Stay connected with the latest news from Women as One CLICK HERE
LOGIN   

Strategies to Deal with Stress for Frontline Health Care Workers During the Pandemic

Share

In April 2020, Women as One recorded a video “The Impact of Trauma” to explore the underpinnings of traumatic stress, common reactions to trauma and how trauma uniquely impacts women and to review related support tools. In this exchange, Dr. Patricia Watson, PhD Senior Educational Specialist for the National Center for PTSD and Assistant Professor at Geisel School of Medicine Dartmouth discusses advice for frontline health care workers related to the COVID-19 pandemic and decreasing stress. Click below to watch the exchange.

 


 
There is a really a wonderful writer that I’ve liked named Dave Snowden who talks about Complexity Theory. And…the Cynefin Framework. He acknowledges that under normal circumstances… when we are all doing our jobs, there’s a certain way to do it that usually is based on best practices. Times are predictable. Relationships amongst things are more controllable. When you introduce a public health crisis into any system – a home system, or a work system – the way of doing things has to adjust as well. And part of what really needs to adjust is immediately you have to establish…more control and order. Which means you have to be very specific about things you know being done a certain way. But, time goes by and I think we are all seeing this – there is a need to have better communication, more frequent communication. So that people are checking in with each other and saying – what’s working now, what’s not working now? We really have to be talking about this amongst everyone trying to figure out… strategies. We have to try things out and not be afraid if they fail. You know, try out different ways of doing things…and continue to get feedback from each other so we can move forward.

A lot of times it involves bringing experts in, but sometimes we’re doing things on the fly. The dance is different. The steps are different. And if people don’t make adjustments, then it can be a problem.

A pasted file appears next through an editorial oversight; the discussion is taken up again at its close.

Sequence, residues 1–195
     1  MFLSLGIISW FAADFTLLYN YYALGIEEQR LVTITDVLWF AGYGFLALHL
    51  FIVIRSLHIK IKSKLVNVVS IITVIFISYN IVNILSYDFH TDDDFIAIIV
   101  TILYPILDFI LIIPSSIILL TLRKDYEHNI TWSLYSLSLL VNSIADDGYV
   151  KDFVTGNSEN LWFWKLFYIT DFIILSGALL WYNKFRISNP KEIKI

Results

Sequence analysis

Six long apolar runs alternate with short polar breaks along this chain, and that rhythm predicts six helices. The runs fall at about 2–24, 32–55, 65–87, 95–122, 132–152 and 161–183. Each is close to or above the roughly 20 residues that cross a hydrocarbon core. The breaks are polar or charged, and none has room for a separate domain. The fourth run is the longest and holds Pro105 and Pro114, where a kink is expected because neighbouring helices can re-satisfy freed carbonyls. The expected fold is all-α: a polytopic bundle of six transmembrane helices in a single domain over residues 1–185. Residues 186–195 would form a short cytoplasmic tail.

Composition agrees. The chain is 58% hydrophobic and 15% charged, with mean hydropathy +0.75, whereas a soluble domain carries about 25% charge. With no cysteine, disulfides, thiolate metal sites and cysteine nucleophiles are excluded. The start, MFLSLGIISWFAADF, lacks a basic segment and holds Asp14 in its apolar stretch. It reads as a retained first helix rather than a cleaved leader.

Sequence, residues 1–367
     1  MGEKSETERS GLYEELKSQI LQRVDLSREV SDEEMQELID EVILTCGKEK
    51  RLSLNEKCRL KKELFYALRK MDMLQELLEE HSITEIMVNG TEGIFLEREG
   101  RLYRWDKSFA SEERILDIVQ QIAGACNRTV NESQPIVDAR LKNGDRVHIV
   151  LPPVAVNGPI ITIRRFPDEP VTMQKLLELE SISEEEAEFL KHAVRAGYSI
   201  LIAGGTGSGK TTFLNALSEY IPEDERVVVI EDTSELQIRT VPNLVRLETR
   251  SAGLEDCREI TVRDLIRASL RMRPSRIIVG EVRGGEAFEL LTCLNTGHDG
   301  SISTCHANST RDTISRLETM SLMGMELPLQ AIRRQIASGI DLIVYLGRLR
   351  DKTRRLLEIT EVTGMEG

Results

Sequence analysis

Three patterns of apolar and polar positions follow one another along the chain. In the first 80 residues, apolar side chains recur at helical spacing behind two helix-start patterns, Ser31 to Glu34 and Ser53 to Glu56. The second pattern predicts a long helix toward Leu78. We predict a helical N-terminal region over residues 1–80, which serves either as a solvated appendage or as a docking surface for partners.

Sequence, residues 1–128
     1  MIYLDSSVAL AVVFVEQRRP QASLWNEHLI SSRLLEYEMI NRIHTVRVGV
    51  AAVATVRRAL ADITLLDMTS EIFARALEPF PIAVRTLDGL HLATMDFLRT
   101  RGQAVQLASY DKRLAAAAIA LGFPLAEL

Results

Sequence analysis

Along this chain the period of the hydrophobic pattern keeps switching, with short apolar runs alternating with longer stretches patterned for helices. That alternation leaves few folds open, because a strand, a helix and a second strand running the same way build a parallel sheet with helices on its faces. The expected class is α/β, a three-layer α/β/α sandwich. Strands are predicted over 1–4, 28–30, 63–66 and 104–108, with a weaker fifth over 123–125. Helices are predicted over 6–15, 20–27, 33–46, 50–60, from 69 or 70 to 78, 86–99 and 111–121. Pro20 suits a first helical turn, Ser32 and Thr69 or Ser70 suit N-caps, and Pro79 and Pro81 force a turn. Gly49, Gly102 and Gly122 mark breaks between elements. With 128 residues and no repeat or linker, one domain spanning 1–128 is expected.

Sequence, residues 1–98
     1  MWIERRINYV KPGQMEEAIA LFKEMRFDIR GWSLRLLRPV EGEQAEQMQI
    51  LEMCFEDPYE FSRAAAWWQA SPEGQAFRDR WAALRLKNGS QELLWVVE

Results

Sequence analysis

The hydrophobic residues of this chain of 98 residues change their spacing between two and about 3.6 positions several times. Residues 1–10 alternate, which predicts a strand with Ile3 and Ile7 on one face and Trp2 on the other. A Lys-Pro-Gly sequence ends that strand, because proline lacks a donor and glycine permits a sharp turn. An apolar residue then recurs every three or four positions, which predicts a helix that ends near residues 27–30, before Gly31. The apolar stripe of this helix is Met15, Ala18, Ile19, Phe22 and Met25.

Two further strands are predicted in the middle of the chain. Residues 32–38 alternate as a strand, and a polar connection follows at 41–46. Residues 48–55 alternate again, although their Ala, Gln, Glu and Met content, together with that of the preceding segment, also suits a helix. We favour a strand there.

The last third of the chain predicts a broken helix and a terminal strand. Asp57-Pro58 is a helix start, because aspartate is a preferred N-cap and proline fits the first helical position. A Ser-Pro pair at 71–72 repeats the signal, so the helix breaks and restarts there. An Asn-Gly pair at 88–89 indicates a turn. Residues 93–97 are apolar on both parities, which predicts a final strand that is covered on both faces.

One of the adjustments, socially and emotionally, is the mantra that I’ve heard people use is – “none of us are at our best right now.” None of us are at our best right now! So that means we have to be patient. We have to be kind with each other more than normal. We have to make allowances that nobody is going to be doing their top game right now. We are all juggling… a lot right now.

 

So within the Cynefin Framework is that it’s very important to think theoretically about frameworks that might be helpful for people now. Because those frameworks allow for flexibility. If you try to just impose, “well, everybody should be doing this. Everybody should be doing that.” It’s not going to fit for everybody.

The framework that we’ve used a lot… that we’ve discovered as we were looking at situations of on-going threat. We had an expert panel. We talked about “what do we think works for people?” We looked at the research, and we came up with these five elements that seem to be related to better recovery in situations of on-going adversity. So we have developed a lot of our materials around these elements because we know that people can take that framework and be very flexible in the way they apply it – at home, at work… depending what’s happening.

The five elements are – to move toward a better sense of safety. To find ways to calm people or system. To get social connections. To help people feel they can get through a situation with what’s termed self-efficacy. That they feel like they either have the resources, or the ability to make their way through it. And, lastly, hope is the last element. Hope can be optimism. Hope can be a person feeling like they have the resources they need. Hope can be faith, or religion, or some sort of values framework that a person uses.

And we found that if you have safety, calming, social connectedness, self-efficacy, and hope that people tend to do better…no matter what system or situation they are in.